Are you having trouble figuring out why three prominent commentators for Fox News went for Donald Trump’s jugular at the GOP presidential debate in Cleveland this week?
Allow me to speculate.
Rupert Murdoch, owner of the Fox empire, has long been a foe of Trump’s, and opposes his bid for the presidency. According to an article last month in the New York Times, they differ on large issues, like Trump’s hardline opposition to illegal immigration, and trivial ones, such as whether Trump’s daughter, Ivanka, should have remained friends with Murdoch’s former wife, Wendi, after the couple was divorced.
At the start of my journalistic career, I worked for a newspaper in Philadelphia owned by Walter H. Annenberg, best known perhaps as Richard Nixon’s ambassador to Great Britain. In 1988, at age eighty, Annenberg sold what remained of his media empire to Murdoch for $3 billion.
Annenberg’s father, Moe, once worked for William Randolph Hearst, who was renowned for using his newspapers and their staffs as weapons to destroy his enemies. Walter himself became a newspaper tycoon very much in Hearst’s mold. And Murdoch may be carrying on the tradition.
Murdoch pays his top Fox News commentators well into the millions of dollars per year. Folks who take down that much pay tend to be obedient to the whims of the fellow who disburses the money.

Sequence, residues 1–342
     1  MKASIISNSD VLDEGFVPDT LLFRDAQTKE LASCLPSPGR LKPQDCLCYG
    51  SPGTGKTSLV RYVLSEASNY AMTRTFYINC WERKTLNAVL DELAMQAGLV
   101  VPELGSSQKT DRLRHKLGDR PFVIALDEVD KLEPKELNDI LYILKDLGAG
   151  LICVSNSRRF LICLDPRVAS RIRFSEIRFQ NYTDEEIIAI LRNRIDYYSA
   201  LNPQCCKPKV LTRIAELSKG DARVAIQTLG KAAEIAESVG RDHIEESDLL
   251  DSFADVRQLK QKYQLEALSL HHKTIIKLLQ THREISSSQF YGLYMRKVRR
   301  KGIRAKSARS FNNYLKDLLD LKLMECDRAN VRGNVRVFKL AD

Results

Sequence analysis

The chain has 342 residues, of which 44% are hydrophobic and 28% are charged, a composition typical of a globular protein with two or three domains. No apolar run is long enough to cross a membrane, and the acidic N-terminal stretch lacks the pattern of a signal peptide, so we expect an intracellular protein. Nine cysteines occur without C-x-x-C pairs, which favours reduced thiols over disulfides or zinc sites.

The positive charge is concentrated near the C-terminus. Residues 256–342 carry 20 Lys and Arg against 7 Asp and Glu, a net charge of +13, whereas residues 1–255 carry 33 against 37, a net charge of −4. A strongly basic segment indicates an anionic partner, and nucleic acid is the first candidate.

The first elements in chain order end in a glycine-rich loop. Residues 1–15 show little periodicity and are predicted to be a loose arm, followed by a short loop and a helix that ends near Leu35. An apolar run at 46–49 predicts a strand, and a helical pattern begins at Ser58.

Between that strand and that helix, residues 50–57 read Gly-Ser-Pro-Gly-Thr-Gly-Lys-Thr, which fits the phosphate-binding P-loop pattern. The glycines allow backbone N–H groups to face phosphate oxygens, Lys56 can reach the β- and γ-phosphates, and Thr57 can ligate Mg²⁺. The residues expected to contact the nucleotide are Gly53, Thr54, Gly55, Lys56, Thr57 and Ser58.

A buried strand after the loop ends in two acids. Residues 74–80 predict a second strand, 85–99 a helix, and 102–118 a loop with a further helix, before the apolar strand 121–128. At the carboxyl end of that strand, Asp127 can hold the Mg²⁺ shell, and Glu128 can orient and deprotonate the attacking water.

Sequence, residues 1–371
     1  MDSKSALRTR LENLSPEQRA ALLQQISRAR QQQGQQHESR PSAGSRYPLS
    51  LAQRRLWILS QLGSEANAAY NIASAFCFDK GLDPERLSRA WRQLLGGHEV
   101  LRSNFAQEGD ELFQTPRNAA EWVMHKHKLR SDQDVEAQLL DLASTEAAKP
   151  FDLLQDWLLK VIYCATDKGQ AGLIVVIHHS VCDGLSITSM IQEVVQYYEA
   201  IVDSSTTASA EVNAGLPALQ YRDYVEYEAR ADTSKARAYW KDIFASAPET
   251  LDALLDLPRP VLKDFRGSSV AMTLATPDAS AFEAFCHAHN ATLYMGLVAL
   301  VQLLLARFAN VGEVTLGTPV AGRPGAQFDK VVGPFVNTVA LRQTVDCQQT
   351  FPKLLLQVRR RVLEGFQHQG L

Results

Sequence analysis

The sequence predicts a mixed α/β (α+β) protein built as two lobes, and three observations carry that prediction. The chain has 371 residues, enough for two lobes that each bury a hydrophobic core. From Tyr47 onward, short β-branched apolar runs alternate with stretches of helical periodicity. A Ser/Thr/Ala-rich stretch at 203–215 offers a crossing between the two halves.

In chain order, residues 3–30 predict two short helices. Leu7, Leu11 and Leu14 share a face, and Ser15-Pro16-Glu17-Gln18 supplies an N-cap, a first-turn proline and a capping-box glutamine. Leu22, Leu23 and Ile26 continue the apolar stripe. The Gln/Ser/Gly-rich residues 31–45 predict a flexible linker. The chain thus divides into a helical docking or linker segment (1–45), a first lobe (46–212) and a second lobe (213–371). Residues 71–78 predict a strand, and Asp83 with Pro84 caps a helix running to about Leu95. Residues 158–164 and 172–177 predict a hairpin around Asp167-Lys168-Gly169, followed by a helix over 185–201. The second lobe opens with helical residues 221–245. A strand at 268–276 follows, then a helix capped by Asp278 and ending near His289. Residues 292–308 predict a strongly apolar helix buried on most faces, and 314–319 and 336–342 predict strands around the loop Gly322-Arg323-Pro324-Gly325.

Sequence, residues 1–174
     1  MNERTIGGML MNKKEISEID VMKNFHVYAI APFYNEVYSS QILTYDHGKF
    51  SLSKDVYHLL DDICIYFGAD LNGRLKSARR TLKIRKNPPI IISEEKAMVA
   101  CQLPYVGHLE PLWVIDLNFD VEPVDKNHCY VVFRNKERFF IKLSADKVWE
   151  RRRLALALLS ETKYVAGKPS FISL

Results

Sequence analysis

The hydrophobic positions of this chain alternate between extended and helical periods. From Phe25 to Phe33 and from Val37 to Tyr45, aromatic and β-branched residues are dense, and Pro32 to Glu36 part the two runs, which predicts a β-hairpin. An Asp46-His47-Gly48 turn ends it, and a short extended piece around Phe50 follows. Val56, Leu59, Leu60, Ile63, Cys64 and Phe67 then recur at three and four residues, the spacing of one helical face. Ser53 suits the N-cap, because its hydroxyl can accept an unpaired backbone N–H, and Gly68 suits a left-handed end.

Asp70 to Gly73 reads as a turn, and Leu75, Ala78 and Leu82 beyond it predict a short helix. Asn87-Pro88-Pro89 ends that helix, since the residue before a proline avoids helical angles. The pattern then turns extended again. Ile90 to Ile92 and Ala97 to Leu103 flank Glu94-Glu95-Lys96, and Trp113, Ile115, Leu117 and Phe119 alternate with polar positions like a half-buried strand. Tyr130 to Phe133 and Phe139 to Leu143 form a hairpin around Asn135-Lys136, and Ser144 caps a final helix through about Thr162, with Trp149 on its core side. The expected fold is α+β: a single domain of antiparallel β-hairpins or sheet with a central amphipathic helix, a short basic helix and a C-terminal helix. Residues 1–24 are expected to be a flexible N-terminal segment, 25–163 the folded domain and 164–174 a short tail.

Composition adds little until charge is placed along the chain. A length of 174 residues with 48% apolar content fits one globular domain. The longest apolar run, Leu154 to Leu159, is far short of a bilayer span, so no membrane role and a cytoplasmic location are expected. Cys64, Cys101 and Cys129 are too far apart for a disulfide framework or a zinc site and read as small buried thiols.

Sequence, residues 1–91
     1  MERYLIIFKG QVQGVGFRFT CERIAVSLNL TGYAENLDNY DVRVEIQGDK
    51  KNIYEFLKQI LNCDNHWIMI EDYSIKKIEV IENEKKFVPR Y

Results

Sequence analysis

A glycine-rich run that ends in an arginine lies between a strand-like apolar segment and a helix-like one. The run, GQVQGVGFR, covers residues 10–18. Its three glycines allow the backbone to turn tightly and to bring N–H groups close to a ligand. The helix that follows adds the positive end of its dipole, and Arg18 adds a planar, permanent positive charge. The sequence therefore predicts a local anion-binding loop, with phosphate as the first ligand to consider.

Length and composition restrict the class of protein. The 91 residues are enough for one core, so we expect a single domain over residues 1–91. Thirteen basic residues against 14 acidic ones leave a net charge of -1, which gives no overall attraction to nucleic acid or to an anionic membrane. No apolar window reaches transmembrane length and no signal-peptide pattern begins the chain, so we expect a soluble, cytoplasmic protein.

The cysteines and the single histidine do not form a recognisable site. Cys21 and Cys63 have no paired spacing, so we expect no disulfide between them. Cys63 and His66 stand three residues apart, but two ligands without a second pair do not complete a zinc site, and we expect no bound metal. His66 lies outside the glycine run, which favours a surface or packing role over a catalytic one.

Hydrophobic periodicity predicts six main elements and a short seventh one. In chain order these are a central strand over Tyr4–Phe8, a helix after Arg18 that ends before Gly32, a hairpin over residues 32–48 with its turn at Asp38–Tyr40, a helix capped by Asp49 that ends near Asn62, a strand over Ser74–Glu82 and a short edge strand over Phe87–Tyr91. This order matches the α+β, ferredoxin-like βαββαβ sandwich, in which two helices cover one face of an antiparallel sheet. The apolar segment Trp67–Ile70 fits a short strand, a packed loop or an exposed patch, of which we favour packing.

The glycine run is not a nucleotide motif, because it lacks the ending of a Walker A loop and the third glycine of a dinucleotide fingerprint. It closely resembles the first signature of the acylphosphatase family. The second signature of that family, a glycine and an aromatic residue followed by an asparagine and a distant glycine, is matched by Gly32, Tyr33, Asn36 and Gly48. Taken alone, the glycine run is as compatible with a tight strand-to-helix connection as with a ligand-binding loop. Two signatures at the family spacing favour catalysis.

And so, on Thursday night, we saw hard-as-nails Megyn (Roots) Kelly, amiable, boyish Bret Baier and kindly, lovable Chris Wallace doing everything they could to make Trump look like a shady businessman, a misogynist, and a crypto-Democrat. Their performances were blatant to the point of obscenity, and stank to high heaven, or so my journalistic nose tells me.
Journalism has a long history of nurturing whores. And not all of them have earned seven-figure incomes. Annenberg’s principal whore, among many, at the Philadelphia Inquirer was a guy named Harry Karafin, who made maybe $10,000 or $15,000 a year in salary when I knew him in the early Sixties.
One of Harry’s principal assignments was to help demolish Milton Shapp, a business enemy of Annenberg’s, who was running for governor of Pennsylvania. In one story, he discussed the mysterious fact that Shapp had changed his name from Shapiro. Shapp? Trump? Wait, do you really suppose that is the Donald’s original name?
Harry turned out to have as much of an entrepreneurial flair as his master, Mr. Annenberg. Because, unlike the Fox folks, he wasn’t making really big bucks, he developed a lucrative sideline. When he was sent out to investigate local businesses, he would offer the executives of those companies the option of paying him a fee for “public relations,” which would ensure that no bad publicity about the companies would appear in the Inquirer. He got away with this for years, until a local magazine blew the whistle on him, and he wound up in state prison.
Let’s hope that no one goes to prison for saving the country from Donald Trump.